thinking big: feminism, media, and pop culture

Competition? Why Yes, She Would Love Some: Nicki Minaj in “Haterade”

In gender on July 26, 2011 at 1:00 pm

Sarah Todd

Competition? Why yes, I would love some.

– Nicki Minaj, “Check It Out”

When Nicki Minaj enters a song, it’s like all the doors of a house blow open. In Gucci Mane’s laid-back “Haterade,” she’s not going for fireworks as in “Monster” or “Roman’s Revenge”; her rapping is quick and clipped, as if she’s making an effort to keep her cool. Even before she starts rapping, she’s sucking in breaths between her teeth, because nothing is more frustrating than being underestimated.

The in-your-face-haters spirit of her opening lines–“This one goes out to all of my critics / Don’t you feel stupid? Look how I did it”–has a long history in hip-hop. Think of Biggie, dedicating Ready to Die to “all the teachers that told me I’d never amount to nothin’, all the people that lived above the buildings I was hustlin’ in front of that called the police on me when I was just trying to feed my daughter.” When everyone else expects you to fail, some swagger upon proving them wrong is more than warranted. Moreover, there’s a reason braggodocio is so fundamental to hip-hop: if no one else will tell you you’re awesome, you have to tell yourself. But Minaj’s response to her critics’ low expectations is particularly interesting given her status as the only big female star in current mainstream hip hop.

As Julianne Escobedo Shepherd wrote earlier this summer in Thirteen, there are plenty of talented female rappers out there; however, the mainstream music industry’s cards are stacked against them. Despite such commercially successful female rappers like Queen Latifah, Lil’ Kim, Missy Elliot, Foxy Brown, and Monie Love, hip hop is still perceived as a masculine genre–primarily made by men, for men. In “Haterade,” Minaj notes that her spot at the top of the Billboard Rap charts hasn’t been held by a woman in a long time: “It’s been eight years but I broke the record.” It’s an impressive accomplishment, but why did it take so long for a song by a solo female hip-hop artist to get there?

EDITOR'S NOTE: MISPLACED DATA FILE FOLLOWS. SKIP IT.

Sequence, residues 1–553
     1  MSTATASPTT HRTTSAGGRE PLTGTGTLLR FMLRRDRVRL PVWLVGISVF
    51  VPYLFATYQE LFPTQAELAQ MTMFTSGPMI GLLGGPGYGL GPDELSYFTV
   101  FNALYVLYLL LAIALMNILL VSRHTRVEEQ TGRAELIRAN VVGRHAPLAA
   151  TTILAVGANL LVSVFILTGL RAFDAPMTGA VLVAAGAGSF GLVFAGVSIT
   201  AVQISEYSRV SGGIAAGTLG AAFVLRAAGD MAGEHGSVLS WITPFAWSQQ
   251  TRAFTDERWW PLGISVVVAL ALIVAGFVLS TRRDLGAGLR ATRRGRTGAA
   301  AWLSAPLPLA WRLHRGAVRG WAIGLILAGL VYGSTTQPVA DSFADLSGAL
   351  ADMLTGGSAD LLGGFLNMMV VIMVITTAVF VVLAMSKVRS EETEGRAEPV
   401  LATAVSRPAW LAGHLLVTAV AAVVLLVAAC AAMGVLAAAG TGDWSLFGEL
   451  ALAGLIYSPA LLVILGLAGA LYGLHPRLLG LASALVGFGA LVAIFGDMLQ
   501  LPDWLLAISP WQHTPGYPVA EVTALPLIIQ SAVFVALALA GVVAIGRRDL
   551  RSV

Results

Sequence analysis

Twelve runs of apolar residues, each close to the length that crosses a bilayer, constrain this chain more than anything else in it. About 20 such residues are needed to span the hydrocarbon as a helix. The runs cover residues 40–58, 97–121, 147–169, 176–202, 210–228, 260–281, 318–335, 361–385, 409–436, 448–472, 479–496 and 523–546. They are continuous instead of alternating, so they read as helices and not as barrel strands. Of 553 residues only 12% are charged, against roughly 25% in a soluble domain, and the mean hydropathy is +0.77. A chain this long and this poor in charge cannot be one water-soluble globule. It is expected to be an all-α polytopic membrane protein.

In the song, Minaj is aware that she’s triumphed against some serious odds. Having silenced nay-sayers with her success, she next addresses her fellow rappers: “I’m all that I can be/ And I must admit I’m appalled when you envy / Cause you could do it too, and you could do it too, / I just happened to be the girl that they threw it to.” The sentiment behind these lyrics– that others who are just as talented could be in her place–is generous and rare. Most of the time, when rappers address jealous competitors, they just tell them to get lost.

The story where you’re a great rapper but you also got lucky doesn’t have quite the same sweep as the story where you’re a rap giant and success is your destiny. I’ve got no problem with the second kind of story; as Sunny Biswas wrote earlier this year at The Awl, “making people feel like superheroes for three to five minutes at a time is one of the greatest things that pop music does.” There’s a transitive property to the joy we derive from hearing Lil’ Wayne or Jay-Z declare themselves the best rappers alive; when they pump themselves up, they pump up their listeners too. But how much more interesting is it to admit, as Dizzy does in 1000 Miles to Downtown, that “some of the best rappers never get signed”? Minaj wants her competition to know that she knows they’ve got skills. They could be stars too, but that’s no reason for her not to take advantage of the opportunity she’s been given.